• An Edge Location, which effectively acts as a reverse proxy server
  • A Twilio Region that that the Edge Location sends data to for processing

Your application only makes or receives network connections to and from the Edge Location; it never connects directly to a Twilio Region. However, it’s important to remember that behind the scenes, data is also transmitted between the Edge Location and the target Region.

Thus, there are effectively two logical connection "legs" comprising an end-to-end data flow between your application and Twilio:



Transport mechanism


Client to Edge Location

Public Internet (or private Interconnect)


Edge Location to destination Twilio Region

Twilio’s internal network

Selecting an optimal Edge Location

The outer leg of an end-to-end connection typically traverses the public Internet, while the inner leg always traverses Twilio’s internal network.

Twilio’s internal network consists of high speed links between all of our Edge Locations and Regions around the world, and offers high availability and reliably low latency.

Connections traversing the public Internet, on the other hand, often involve many "hops" between routers operated by various service providers. These connections can suffer from degraded performance, lower reliability, and a lower level of security.

Thus, when selecting an Edge Location for your use case, you should always aim to minimize the length of the outer connection leg, by selecting the Edge location nearest to your application. This will ensure that your application’s data gets off of the public Internet and into Twilio’s internal network as quickly as possible.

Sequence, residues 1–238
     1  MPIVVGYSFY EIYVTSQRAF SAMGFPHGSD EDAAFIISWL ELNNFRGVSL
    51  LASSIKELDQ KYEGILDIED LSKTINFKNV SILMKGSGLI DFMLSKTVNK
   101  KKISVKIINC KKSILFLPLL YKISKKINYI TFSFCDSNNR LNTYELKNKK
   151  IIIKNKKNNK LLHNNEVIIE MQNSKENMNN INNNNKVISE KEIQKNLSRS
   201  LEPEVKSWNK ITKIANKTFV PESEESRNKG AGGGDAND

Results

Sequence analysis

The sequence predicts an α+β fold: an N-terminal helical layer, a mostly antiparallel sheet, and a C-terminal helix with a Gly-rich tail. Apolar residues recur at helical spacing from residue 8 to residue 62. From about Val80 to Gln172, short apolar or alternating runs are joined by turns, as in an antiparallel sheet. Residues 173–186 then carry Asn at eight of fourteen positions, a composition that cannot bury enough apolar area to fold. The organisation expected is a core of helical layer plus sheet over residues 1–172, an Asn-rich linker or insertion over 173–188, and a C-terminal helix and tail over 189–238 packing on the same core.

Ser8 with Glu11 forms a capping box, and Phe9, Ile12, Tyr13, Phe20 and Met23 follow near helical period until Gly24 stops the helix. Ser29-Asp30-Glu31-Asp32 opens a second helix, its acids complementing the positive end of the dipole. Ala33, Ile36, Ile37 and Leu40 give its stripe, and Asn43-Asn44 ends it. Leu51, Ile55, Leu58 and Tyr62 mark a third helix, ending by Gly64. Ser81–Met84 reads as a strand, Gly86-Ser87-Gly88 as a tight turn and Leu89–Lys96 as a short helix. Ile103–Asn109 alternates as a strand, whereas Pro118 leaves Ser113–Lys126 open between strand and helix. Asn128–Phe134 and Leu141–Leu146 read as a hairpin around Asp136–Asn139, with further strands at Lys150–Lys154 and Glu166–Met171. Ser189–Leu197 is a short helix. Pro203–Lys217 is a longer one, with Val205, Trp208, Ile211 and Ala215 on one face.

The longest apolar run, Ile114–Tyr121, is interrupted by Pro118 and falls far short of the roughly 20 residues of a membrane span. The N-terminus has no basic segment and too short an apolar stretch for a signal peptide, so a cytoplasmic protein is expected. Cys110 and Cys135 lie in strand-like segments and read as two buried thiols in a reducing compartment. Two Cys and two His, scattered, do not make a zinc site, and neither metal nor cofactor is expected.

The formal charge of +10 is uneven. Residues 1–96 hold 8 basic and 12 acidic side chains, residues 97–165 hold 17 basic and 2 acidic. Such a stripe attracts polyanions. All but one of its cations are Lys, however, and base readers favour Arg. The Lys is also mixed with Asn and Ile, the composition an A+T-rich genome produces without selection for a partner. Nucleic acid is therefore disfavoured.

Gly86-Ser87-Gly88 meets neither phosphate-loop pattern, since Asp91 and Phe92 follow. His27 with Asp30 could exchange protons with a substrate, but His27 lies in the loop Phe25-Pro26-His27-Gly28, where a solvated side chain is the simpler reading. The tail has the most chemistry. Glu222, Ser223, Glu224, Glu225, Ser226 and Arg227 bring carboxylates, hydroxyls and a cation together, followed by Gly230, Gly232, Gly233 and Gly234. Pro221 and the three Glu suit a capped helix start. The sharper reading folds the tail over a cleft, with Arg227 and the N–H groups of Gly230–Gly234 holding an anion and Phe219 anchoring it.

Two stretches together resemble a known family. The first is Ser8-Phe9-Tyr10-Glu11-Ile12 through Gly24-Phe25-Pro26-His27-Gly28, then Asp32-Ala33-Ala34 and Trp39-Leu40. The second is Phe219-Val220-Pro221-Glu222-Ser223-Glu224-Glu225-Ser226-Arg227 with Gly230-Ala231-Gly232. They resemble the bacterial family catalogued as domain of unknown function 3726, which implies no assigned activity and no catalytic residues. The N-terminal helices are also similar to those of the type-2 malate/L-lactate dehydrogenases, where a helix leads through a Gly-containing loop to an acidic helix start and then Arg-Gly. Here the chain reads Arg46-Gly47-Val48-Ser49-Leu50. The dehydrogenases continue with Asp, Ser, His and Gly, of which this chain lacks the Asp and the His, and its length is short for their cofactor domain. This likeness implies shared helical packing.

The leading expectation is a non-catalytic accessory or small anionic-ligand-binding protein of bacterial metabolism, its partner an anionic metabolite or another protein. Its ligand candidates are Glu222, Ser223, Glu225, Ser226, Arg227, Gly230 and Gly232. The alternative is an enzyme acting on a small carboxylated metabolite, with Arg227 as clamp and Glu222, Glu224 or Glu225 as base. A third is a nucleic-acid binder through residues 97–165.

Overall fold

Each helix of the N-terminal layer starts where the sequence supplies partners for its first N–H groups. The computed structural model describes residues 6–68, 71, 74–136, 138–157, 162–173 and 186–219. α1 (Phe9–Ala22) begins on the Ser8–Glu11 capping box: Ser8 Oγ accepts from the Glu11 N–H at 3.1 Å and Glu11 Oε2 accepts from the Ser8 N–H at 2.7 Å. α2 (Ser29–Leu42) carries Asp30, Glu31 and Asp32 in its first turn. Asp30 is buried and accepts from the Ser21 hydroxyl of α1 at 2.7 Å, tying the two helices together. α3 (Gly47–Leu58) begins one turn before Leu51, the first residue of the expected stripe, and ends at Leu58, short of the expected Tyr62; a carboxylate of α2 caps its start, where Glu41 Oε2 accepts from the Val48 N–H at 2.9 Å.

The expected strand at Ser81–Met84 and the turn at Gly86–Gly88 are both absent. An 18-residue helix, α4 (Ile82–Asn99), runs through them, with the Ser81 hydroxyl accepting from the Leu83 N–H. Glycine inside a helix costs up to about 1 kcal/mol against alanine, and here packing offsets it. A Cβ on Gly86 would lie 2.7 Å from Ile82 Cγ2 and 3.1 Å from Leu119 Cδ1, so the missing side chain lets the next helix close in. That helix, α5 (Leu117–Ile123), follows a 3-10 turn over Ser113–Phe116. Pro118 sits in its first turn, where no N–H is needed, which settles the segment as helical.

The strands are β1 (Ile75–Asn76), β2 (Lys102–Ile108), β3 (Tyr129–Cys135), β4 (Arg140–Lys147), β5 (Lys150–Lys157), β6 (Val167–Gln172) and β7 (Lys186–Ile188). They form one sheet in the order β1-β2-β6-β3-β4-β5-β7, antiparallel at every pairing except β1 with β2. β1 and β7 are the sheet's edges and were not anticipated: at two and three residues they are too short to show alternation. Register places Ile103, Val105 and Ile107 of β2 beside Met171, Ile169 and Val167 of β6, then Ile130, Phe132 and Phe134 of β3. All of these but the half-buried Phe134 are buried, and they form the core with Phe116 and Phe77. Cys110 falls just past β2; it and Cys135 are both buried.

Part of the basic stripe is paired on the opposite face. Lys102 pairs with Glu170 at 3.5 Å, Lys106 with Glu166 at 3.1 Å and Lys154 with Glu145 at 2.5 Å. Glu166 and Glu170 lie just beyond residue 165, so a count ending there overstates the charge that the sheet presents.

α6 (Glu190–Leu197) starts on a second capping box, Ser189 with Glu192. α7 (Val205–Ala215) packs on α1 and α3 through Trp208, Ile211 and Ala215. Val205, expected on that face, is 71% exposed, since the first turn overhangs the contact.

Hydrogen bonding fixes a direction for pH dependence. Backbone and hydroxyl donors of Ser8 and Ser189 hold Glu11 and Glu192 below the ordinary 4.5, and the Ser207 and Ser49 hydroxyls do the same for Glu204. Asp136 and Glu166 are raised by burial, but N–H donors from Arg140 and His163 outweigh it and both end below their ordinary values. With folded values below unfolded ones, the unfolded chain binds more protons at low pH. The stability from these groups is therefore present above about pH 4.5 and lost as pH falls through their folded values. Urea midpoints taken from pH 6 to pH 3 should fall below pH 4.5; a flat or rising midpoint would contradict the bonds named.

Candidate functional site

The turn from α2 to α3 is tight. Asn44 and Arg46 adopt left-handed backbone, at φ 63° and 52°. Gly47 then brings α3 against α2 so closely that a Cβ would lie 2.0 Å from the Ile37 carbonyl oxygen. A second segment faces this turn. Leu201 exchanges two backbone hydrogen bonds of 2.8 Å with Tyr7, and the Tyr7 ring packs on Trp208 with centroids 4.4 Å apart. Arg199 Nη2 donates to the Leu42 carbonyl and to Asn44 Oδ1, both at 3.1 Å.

If you are an Interchange customer, you will have an assigned private Edge Location that you’ll use.

Example: Reduce latency with Edge Locations

This example illustrates how selecting an optimal Edge Location can impact the performance of your application.

Imagine that you have an Interactive Voice Response (IVR) application hosted in Australia that uses Twilio features that are only available in the United States (US1) Region. Your application’s Twilio API request data must ultimately be sent to US1 for processing. However, the outer connection leg to Twilio’s network can be made via any Edge Location.

By default, the API requests that your application makes will connect using the ashburn Edge Location in the eastern United States:

Connectivity Map - Australia to US1 via Ashburn Edge

In this scenario, the outer leg of the connection spans the entire distance between your application server in Australia and the ashburn Edge Location in the United States, while the inner leg spans virtually no distance at all (since the Edge and the Region are located in the same city, and are directly connected). This configuration does technically work, but it has some major disadvantages:

1. Long distance round trips during TLS session negotiation

Twilio API requests are made over HTTPS. The client establishes a TLS session with a server at the Edge Location it is connecting to.

Since the setup of a TLS session involves a series of round trips between client and server, the distance of those round trips can have a large impact on the overall duration of a request.

2. Long distance traveled over the public internet

With your application in Australia connecting to an Edge Location in the US to establish the outer leg, the vast majority of distance covered by the end-to-end connection traverses the public Internet rather than Twilio’s internal network. This can lead to suboptimal performance and reliability.

The combination of the above two points can result in excessive latency in your application’s API requests.

Let’s take a look at what happens when we instead route the requests to Twilio via the sydney Edge Location in Australia instead of the default ashburn Edge:

Connectivity Map - Australia to US1 via Sydney Edge

Note that the outer connection leg is now much shorter, with the majority of the distance being covered by the inner leg of the connection.

This is advantageous to the overall request performance:

  • Shorter round trip for TLS negotiation
  • The majority of distance is traversed over Twilio’s internal network rather than the public Internet

Next steps

Learn how to use Edge Locations with: